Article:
Kyushu may not be as famous for its sake as for shochu, but historical findings tell us it’s probably been drunk here since the rule of Himiko — around A.D. 300. While northern Japan is more famous for sake, Kyushu brewers too produce some fine labels, meeting changes in consumer tastes. Kyushu’s sake is full-bodied, with a distinct rice fragrance.
Once, sake was brewed year-round, but today it is brewed in winter, when cold temperatures keep the sugar levels down for slower fermentation and a smoother, drier sake.
Toward the end of winter the precious result is extracted and the drinking begins. Breweries hang giant globes made of fresh, green cedar twigs outside their premises to announce the new sake — nama genshu, fresh undiluted sake that can be drunk in its unpasteurized state for only a few weeks. Many throw big parties. Now is the time for you to head for northern Kyushu’s countryside, where many breweries are located.
Not all sake breweries have kurabiraki, or opening festivities. Some feel that too many visitors will bring zillions of germs far too close to the fragile product. Still, about 15 percent of breweries hold them in style, plying thousands of visitors with free sake, local specialties and more. Many producers believe kurabiraki events are vital to rekindling public interest in sake, which is unfortunately losing more fans each year to other drinks.
Closest to Fukuoka is Tanaka Shuzojo in Maebaru. This small establishment uses all original wooden presses, and, as at most good breweries, their head brewer has overseen the process for decades. Their kurabiraki event Feb. 19-20 will see thousands of people join the tastings. Gourmet ham made by a nearby specialist is roasted for the public, along with sake manju and anpan sweet bean rolls.
Also close to Fukuoka is Kame-no-O brewery in Munakata, established over 280 years ago. Their freshly extracted, exquisite genshu, a spicy, heady and almost greenish liquid, will be served at their kurabiraki Feb. 12-13. If you’ve never tried genshu, you will be stunned by its fragrant depths, unlike anything available a few weeks later.
Misako Izu, an 11th-generation scion of Kame-no-O’s direct line, says “This area has always had a rich crop of rice and fine, pure water — essential for making good sake.”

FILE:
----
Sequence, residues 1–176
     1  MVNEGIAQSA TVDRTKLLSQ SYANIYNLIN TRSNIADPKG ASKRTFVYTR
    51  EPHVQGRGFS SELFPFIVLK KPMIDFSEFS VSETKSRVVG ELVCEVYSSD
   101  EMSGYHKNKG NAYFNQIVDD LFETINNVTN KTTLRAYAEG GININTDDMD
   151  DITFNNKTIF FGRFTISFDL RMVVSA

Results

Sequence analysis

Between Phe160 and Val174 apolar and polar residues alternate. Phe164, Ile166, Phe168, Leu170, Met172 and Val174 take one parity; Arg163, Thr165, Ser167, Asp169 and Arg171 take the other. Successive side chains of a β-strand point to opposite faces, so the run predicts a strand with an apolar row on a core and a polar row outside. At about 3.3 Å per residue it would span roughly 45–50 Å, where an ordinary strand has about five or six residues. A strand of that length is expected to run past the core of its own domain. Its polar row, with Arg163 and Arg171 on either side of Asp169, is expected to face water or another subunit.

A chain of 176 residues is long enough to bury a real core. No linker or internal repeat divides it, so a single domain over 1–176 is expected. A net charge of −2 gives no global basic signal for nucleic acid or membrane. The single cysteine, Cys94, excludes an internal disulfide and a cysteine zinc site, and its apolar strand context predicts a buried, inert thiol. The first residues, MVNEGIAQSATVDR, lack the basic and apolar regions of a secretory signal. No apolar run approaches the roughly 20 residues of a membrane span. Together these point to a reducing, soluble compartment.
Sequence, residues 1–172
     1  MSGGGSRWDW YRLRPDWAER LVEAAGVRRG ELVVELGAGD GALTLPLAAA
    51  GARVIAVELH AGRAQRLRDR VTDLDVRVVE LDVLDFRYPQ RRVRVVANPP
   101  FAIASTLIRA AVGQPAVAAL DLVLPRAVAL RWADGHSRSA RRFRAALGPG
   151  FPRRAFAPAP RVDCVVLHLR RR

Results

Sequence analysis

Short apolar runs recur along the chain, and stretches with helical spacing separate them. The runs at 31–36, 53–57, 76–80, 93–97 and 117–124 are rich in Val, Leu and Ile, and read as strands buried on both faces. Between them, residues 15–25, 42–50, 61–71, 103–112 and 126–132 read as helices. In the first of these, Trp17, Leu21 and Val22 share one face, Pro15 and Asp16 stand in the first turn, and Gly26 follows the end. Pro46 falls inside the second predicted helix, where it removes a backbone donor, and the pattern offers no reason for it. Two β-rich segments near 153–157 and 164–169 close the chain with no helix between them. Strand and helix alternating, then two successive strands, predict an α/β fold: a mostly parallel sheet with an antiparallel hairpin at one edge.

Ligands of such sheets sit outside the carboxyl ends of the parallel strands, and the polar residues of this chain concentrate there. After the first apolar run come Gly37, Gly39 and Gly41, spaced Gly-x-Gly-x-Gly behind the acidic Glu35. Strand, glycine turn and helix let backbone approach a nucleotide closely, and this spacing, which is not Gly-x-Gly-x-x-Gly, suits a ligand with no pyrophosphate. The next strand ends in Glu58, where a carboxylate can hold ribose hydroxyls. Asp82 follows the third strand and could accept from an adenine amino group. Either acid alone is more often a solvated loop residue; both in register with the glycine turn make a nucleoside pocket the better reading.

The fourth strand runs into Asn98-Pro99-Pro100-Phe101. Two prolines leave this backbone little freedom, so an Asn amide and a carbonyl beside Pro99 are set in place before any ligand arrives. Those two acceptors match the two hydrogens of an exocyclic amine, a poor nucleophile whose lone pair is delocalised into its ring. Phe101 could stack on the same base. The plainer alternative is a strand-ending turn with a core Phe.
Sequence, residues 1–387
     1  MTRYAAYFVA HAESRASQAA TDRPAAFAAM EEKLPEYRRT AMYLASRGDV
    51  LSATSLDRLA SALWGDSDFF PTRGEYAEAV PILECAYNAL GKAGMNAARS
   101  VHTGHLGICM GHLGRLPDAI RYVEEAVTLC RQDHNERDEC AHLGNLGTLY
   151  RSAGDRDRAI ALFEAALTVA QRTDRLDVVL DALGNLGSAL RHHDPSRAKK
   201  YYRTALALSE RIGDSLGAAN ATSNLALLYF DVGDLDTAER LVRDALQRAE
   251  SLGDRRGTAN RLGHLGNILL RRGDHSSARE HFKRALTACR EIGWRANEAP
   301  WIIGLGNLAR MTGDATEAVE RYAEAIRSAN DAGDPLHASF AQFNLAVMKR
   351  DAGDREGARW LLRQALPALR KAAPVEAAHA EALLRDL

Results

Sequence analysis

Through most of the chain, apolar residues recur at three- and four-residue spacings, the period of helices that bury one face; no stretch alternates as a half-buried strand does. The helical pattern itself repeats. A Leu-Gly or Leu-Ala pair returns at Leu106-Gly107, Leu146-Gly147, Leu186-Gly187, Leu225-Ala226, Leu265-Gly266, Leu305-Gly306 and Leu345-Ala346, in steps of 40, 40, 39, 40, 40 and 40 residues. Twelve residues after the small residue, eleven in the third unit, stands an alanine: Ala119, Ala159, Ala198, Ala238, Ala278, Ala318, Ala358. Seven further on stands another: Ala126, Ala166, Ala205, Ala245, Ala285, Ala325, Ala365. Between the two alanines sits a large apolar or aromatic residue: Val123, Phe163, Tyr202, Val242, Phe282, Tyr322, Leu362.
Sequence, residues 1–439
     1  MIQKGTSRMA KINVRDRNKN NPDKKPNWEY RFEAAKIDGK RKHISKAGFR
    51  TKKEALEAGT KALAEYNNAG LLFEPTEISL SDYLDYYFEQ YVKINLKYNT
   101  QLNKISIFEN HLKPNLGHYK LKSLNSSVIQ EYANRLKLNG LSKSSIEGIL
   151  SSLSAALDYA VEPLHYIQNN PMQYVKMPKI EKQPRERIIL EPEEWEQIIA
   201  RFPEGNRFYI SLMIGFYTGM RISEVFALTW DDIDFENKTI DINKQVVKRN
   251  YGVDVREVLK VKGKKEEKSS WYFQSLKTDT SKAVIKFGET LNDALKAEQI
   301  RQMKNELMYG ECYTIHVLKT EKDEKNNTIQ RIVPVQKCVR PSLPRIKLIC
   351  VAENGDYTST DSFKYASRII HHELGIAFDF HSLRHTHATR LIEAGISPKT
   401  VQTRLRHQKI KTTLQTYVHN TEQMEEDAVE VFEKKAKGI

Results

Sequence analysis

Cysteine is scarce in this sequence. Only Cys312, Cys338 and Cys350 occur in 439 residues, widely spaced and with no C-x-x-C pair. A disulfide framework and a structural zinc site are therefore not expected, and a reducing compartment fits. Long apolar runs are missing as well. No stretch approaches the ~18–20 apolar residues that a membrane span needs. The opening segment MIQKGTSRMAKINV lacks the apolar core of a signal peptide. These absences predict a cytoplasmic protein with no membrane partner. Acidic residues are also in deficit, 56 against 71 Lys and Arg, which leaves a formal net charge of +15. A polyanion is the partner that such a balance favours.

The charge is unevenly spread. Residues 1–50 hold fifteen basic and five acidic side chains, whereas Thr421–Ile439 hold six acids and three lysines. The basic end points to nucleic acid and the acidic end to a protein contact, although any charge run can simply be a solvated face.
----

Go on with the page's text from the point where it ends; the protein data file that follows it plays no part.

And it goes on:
Getting further out of Fukuoka is also recommended, to combine drinking with a dip in a hot spring or a browse around a historical town. Yoshii, famous for its picturesque whitewashed buildings dating back 400 years, is down the road from Ukiha, where the Isonosawa brewery is expecting 3,000-4,000 people at its kurabiraki Feb. 11, which will feature a live band, viewing of the sake-making process and lots of sake. Yoshii has many galleries and several historic homes worth seeing. Get a walking map from the tourist information center.
Further west, close to the mountain hot springs of Amagasa and Oguni, is the pretty and historic town of Hita. Spread between two rivers, Hita has three sake breweries worth checking out. Along the broad, meandering Mikume River, several onsen offer excellent views for bathers, and the old town, Mameda-machi, has some interesting museums and historic homes. Here, the Kuncho Shuzo brewery still produces a worthy drop and has an exhibition space.
Other scenic spots close to Fukuoka with sake breweries worth visiting (and kurabiraki events this February) are Tanushimaru, Amagi and Yame outside Kurume, and Jojima, farther up in the mountains between Kurume and Saga.
If driving into the hills for a sake festival doesn’t fit your schedule or your idea of a day out, you can get a taste of this year’s best at one of Fukuoka’s best-known sake drinking establishments, Jizakeya Bonchan. Owner Seiji Tanaka has been serving sake for nearly 11 years, and stocks over 200 selections in his stylish inner-city izakaya.
Tanaka is a robust, sunny man who jumps around serving customers and talking sake. He has visited over 370 breweries around Japan in the years since he started Bonchan. He has no “favorite” Kyushu sake (or any other, for that matter); he insists that each must be considered in terms of its own particular style, price, maker and so on.
His selection of the best new brews will be available here for only one month starting mid-February: Undiluted and unpasteurized, genshu can’t be stored for long. Enjoy it with Bonchan’s renowned, seasonal country-style cooking. Order from the menu, or just give the staff your budget (say, 3 yen,000-5,000 yen per person), sit back and let Tanaka do his food and drink magic.
Although there are hundreds of fine labels available, in the end, sake is to be enjoyed, not theorized over. Sake bonds gregarious folk and opens up the shy ones. Ask Tanaka what the best part of his job is and he’ll answer, “Meeting so many wonderful people — sake drinkers, makers and buyers.”
The sake production period finishes late in winter, when snow lingers, fields are black and muddy, and only the icy blue sky suggests spring is close. Then, sake warms the body most and country-style dishes taste their best. That feeling isn’t bad at all.